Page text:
Two new vulnerabilities, one in Windows and the other in Linux, were discovered on Tuesday, allowing hackers with a presence in a vulnerable machine to circumvent OS security limits and access critical resources.
Microsoft’s Windows 10 and upcoming Windows 11 versions have been discovered to be vulnerable to a new local privilege escalation vulnerability that allows users with low-level permissions to access Windows system files, permitting them to decrypt private keys and uncover the operating system installation password.
The vulnerability has been named “SeriousSAM”.
CERT Coordination Center (CERT/CC) stated in a vulnerability note published, “Starting with Windows 10 build 1809, non-administrative users are granted access to SAM, SYSTEM, and SECURITY registry hive files. This can allow for local privilege escalation (LPE).”
The operating system configuration files in question are as follows –
Microsoft acknowledged the vulnerability, which has been assigned the number CVE-2021-36934 but is yet to offer a patch or provide a timeframe for when a fix will be released.
The Windows makers explained, “An elevation of privilege vulnerability exists because of overly permissive Access Control Lists (ACLs) on multiple system files, including the Security Accounts Manager (SAM) database. An attacker who successfully exploited this vulnerability could run arbitrary code with SYSTEM privileges. An attacker could then install programs; view, change, or delete data; or create new accounts with full user rights.”
However, successful exploitation of the issue implies that the attacker has already gained a foothold and has the capacity to execute code on the target machine. In the meanwhile, users should restrict entry to sam, system, and security files and erase VSS shadow copies of the system disc, according to the CERT/CC.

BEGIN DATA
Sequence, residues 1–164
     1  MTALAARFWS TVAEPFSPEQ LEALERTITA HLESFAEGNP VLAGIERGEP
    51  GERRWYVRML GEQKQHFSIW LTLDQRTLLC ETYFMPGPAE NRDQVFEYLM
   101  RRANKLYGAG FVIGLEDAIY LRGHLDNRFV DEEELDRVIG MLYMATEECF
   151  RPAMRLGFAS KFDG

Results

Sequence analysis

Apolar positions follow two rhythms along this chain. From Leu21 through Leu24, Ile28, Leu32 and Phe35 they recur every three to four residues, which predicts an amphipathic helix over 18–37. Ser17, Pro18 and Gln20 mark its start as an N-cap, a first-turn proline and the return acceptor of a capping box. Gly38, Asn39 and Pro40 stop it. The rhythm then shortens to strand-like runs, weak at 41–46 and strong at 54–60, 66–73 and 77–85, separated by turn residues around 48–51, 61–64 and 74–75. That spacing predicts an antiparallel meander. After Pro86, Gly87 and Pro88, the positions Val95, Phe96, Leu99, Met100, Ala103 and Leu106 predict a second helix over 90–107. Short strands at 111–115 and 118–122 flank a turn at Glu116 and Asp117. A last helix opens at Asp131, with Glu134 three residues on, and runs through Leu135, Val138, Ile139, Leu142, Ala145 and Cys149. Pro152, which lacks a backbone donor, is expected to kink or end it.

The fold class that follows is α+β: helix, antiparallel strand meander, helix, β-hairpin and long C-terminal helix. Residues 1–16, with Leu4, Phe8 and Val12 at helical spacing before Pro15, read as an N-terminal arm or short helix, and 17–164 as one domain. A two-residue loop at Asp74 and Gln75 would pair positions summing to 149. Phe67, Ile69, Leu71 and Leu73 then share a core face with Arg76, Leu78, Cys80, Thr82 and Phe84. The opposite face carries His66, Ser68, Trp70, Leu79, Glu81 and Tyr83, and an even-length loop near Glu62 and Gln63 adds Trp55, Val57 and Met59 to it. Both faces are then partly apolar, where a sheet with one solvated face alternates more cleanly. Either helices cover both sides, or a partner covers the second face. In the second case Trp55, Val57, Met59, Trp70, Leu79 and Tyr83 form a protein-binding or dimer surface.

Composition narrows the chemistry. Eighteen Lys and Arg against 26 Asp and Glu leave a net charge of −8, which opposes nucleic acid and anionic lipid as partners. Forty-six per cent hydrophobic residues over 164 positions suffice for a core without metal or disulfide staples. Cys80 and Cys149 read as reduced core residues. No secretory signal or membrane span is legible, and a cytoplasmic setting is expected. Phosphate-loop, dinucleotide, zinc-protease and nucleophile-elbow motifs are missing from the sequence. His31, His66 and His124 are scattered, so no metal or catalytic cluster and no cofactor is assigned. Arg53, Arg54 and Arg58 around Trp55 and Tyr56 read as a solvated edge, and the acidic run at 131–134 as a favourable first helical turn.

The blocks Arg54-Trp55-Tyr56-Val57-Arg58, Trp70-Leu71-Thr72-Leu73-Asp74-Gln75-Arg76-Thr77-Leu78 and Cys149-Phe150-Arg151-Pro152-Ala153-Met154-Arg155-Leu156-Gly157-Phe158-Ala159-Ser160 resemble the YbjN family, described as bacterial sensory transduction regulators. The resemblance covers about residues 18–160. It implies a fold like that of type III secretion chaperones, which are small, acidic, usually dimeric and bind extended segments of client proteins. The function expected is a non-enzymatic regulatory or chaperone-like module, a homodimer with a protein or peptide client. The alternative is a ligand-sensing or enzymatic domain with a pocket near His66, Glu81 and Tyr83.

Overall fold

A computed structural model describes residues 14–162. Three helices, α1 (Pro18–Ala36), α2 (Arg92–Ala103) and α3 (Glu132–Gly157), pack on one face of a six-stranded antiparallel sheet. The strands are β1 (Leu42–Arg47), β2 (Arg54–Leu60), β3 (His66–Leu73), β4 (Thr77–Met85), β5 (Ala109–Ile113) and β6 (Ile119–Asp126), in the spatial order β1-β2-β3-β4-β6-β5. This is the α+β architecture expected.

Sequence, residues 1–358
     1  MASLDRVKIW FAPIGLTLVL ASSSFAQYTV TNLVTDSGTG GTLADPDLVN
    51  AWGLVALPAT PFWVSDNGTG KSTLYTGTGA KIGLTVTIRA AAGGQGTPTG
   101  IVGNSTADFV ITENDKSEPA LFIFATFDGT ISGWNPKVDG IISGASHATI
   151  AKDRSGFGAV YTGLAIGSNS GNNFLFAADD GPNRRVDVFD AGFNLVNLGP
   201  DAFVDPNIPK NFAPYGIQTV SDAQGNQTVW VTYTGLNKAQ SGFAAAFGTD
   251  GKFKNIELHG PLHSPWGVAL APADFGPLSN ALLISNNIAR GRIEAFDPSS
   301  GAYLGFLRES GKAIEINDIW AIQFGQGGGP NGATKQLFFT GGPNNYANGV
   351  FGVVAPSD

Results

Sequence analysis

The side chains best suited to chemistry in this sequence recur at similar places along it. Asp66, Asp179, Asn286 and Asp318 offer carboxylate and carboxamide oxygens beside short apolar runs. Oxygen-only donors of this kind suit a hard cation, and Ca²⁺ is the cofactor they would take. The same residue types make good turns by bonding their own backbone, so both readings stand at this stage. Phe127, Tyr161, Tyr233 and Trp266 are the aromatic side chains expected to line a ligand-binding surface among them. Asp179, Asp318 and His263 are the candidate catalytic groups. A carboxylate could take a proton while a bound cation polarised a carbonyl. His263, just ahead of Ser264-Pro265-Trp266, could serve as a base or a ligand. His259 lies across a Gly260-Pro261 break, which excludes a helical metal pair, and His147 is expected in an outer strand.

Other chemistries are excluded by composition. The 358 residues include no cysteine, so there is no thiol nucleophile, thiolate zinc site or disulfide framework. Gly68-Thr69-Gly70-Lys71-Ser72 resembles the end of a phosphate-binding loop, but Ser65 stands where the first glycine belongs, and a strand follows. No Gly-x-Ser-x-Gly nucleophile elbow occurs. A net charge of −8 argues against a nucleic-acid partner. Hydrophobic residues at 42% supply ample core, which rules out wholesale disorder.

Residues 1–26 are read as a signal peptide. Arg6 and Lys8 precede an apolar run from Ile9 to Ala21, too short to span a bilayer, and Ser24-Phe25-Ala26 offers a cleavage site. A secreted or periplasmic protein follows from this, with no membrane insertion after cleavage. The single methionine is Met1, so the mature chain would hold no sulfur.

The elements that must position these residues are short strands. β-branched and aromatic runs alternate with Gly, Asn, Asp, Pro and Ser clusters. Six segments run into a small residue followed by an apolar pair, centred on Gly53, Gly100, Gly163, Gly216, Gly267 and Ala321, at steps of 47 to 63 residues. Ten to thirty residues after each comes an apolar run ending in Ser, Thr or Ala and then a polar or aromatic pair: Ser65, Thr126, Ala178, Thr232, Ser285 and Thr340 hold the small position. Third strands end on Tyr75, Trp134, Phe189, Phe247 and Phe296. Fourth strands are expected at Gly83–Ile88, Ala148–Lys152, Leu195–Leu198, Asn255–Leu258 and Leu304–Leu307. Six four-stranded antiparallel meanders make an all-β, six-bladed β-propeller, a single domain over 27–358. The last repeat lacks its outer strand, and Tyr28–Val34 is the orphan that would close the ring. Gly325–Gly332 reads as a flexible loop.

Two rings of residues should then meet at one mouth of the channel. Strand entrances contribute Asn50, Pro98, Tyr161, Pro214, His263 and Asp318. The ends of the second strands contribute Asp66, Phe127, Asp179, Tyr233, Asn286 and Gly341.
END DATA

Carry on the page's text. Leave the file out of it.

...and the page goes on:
Since the release of Patch Tuesday updates on July 13, this is also the third publicly documented unpatched issue in Windows. Apart from CVE-2021-36934, two other vulnerabilities in the Print Spooler component have been identified, leading Microsoft to advise all users to halt and terminate the service to protect their computers from exploitation.
“Sequoia” privilege escalation flaw affected Linux distros:
Remediations have been issued for a security shortcoming affecting all Linux kernel versions from 2014 that can be exploited by malicious users and malware already deployed on a system to gain root-level privileges.
The vulnerability, nicknamed “Sequoia” by Qualys researchers, has been issued the identifier CVE-2021-33909 and affects default Ubuntu 20.04, Ubuntu 20.10, Ubuntu 21.04, Debian 11, and Fedora 34 Workstation installations. The issue also affects Red Hat Enterprise Linux versions 6, 7, and 8.
The vulnerability is a size t-to-int type conversion flaw in the Linux Kernel’s “seq file” file system interface, which allows an unprivileged local intruder to generate, install, and delete a deep directory structure with a total path length of more than 1GB, resulting in a privilege escalation on the vulnerable host.
According to Qualys, unprivileged attackers could use a stack exhaustion denial-of-service vulnerability in the system (CVE-2021-33910) to corrupt the software suite and induce a kernel panic.